Charles was part of the 2/4th Battalion Queen’s Royal West Surrey Regiment of the Territorial Force. At the time of enlistment Charles resided in Dorking, likely with his mother, at 43 Rothes Road. Charles also enlisted in Dorking. He was a private and his regimental number was T/3536. Charles died on the 9th of August 1915 at Gallipoli in the Balkan Theatre of War. Charles was killed in action on the same day with the same regiment as Sidney Fillery, his schoolmate, sometime after disembarking at Sulva Bay in Turkey. Charles was 19 years old. He is commemorated at Helles Memorial on panels 30 and 31 and also at the Dorking St Martin’s church memorial; next to Sidney on both. Charles’ body was also never found.
2nd/4th Battalion of the Queens
2/4 Battalion of the Queens (Royal West Surrey Regiment) was part of the British Territorial Force. The Battalion was formed in Croydon in August 1914 and then moved to Windsor to join the 2/ Surrey Brigade, 2/ Home Counties Division. On the 24th of April 1915 the Battalion moved to Cambridge as the part of 160th Brigade, 53rd Division. In July 1915 the Battalion mobilized for war and embarked to Gallipoli from Devonport in Plymouth. From the 9th of August they took part in various actions against the Turkish Army and after huge losses (the division was reduced to 15% of their full strength) due to combat casualties, disease and bad weather the Battalion was evacuated to Egypt on the 19th of December 1915.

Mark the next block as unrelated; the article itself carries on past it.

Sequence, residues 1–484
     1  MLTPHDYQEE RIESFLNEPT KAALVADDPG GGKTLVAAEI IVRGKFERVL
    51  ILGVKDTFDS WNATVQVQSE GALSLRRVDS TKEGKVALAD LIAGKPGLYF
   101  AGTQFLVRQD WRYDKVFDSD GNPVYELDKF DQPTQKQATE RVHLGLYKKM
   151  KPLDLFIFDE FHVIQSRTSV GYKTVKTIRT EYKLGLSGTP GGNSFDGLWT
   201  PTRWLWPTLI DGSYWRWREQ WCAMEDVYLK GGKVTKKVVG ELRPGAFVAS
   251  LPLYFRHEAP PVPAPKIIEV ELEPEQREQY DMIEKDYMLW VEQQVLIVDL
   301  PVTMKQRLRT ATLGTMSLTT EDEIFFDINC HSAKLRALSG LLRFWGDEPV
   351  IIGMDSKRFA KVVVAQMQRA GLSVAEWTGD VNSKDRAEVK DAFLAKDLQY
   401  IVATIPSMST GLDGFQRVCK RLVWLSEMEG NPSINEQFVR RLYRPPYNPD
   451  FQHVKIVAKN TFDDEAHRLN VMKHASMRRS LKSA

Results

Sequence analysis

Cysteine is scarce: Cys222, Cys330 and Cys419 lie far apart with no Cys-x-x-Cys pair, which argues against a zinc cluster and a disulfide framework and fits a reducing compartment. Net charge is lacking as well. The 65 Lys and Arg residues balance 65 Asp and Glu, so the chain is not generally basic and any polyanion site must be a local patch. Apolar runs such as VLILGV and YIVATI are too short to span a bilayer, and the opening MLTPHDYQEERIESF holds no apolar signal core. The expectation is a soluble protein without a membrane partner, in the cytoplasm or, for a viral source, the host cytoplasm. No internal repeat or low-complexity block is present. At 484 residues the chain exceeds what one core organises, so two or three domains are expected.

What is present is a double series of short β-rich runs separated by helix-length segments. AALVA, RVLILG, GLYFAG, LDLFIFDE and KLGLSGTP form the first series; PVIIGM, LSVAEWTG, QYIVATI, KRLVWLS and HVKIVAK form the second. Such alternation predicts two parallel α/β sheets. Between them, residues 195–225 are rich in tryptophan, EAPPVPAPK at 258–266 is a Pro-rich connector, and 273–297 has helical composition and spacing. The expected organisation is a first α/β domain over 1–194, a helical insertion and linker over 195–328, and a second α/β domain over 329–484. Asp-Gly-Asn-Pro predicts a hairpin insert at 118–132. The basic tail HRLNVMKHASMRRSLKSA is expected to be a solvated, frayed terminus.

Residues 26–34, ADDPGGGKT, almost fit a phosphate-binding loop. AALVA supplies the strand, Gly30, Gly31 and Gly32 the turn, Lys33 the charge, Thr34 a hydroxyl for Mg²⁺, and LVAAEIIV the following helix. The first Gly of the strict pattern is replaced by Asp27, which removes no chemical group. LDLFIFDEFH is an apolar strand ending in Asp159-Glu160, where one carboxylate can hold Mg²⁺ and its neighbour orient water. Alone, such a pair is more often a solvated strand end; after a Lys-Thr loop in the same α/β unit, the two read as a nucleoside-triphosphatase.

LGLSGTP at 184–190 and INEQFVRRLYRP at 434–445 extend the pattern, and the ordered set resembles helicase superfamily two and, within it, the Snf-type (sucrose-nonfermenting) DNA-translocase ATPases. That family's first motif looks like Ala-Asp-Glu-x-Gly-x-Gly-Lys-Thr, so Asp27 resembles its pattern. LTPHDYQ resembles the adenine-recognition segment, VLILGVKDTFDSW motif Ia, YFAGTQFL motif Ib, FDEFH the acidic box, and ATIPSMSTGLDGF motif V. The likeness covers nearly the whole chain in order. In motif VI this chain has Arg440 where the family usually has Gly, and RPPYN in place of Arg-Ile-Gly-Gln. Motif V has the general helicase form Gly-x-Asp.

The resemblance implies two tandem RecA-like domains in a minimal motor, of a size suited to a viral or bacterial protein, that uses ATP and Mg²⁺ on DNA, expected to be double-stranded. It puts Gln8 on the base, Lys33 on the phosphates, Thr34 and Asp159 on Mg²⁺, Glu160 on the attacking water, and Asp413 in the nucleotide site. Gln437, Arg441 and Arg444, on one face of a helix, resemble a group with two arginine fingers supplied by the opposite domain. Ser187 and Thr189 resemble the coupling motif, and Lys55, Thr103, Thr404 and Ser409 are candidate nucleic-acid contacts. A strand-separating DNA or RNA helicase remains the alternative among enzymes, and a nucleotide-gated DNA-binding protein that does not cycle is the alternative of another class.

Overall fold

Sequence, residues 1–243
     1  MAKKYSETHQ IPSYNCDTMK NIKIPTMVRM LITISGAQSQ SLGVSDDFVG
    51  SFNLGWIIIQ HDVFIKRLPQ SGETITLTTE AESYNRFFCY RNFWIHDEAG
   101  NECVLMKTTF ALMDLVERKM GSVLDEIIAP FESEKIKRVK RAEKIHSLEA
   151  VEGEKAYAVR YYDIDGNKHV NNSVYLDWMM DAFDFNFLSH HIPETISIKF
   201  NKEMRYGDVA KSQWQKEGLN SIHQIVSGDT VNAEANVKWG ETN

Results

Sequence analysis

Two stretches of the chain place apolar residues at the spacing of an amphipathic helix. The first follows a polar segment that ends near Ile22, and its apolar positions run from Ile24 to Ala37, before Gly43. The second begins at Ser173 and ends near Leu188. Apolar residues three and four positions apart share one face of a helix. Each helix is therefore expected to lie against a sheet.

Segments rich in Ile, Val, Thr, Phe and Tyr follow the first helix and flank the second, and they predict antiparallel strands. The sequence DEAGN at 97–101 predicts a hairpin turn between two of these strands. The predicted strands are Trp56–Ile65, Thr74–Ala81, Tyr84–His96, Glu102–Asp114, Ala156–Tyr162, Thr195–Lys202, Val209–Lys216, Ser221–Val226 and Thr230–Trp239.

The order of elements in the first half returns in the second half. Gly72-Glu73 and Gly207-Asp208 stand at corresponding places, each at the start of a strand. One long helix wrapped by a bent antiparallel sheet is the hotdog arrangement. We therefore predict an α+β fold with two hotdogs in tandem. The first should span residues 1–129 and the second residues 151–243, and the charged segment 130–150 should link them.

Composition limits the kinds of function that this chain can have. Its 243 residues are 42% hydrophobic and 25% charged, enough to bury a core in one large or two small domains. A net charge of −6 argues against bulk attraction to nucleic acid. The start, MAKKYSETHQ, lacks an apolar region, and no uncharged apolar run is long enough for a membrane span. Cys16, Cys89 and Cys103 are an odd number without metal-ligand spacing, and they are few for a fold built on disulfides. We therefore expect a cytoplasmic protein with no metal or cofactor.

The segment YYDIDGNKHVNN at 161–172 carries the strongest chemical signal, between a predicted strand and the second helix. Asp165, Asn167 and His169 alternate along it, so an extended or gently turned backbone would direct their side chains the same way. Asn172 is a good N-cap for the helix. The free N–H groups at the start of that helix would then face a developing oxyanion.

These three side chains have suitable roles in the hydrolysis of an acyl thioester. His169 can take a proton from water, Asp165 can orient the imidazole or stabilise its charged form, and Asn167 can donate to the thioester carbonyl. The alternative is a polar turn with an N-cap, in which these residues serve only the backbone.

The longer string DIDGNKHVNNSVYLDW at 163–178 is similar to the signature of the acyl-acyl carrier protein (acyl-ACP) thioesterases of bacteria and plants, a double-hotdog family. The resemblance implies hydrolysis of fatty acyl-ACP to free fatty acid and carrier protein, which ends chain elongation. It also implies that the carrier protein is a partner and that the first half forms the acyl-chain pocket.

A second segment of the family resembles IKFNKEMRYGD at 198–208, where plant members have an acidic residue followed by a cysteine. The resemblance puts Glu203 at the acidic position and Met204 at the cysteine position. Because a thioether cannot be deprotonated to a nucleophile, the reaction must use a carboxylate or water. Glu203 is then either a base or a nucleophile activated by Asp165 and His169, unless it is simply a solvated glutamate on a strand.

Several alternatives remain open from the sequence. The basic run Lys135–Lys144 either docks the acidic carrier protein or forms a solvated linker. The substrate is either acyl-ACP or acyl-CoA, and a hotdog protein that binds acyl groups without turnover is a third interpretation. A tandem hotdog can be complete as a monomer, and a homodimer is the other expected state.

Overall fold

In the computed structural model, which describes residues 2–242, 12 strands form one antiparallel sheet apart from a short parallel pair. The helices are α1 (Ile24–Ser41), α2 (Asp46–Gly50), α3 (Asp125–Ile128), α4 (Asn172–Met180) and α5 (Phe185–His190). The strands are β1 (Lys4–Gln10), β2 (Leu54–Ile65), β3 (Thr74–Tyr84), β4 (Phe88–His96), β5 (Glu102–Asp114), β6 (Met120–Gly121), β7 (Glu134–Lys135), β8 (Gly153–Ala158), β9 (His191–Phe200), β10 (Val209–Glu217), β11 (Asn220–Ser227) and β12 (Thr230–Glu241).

The War Diary of the 2/4 Battalion of the Queens
On the 17th of July 1915 at 12.30 AM the Battalion boarded trains in Bedford for Devonport. At 8.00 PM on the same day the Battalion sailed on the HMT U[l]ysses to join the Mediterranean Expeditionary Force in Gallipoli. On July 28th the ship docked in Alexandria, Egypt. From the 31st of July to the 4th of August the Battalion called at Port Said. Then they sailed to Mudros Harbour at which they arrived on the 7th of August 1915. On the 8th of August 1915 the ship reached Suvla Bay on Gallipoli peninsula.
The next day on the 9th of August 1915 at 2.30 AM, the soldiers left the ship on ‘C’ Beach. Sometime during this day, Private Frost died.
At 5.30 AM the Battalion was ordered to entrench south west of Chocolate Hill (Hill 53). At 6.40 AM an urgent message sent them to the North West slope of Hill 53 to reinforce the 31th Brigade. At this time the Battalion suffered several casualties (shelling & rifle firing) while advancing across South-Southeast of Salt Lake. At 7.30 AM they arrived at Chocolate Hill and were ordered to join the 33th Brigade and advance round North spur of the Hill & thence East to support the Brigade which was under attack. A 9.00 AM the 2/4th joined the 6th Dublin Fusilier Battalion and advanced and occupied an old Turkish trench. 3 companies advanced at 7.30 AM by 600 yards to front on to Hill 70 (Scimitar Hill) but were driven back by their own shell fire in the rear. The second attempt to advance to Hill 70 took place at 8 AM and also failed due to heavy fire from own guns in rear and ablaze scrubs on the Hill. At this point the Battalion suffered heavy casualties (250 men). At 12 noon the Battalion retreated back to the Turkish Trench and held on there. During the night of the 9th to 10th August the Battalion was under the heavy fire from one front and snipers while receiving an order to hold the position at all costs….
It is likely that Private Frost and Private Fillery both died during the second advance on Hill 70 at 8 AM.
|Son of||John and Emily Frost of 43 Rothes Road, Dorking|
|Regiment||2/4th The Queen’s Royal West Surrey Regiment|
|Date of Death||9th August 1915|
|Place of Death||Gallipoli|
|Cause of Death||Killed in Action|
|Memorial||Helles Memorial, Turkey|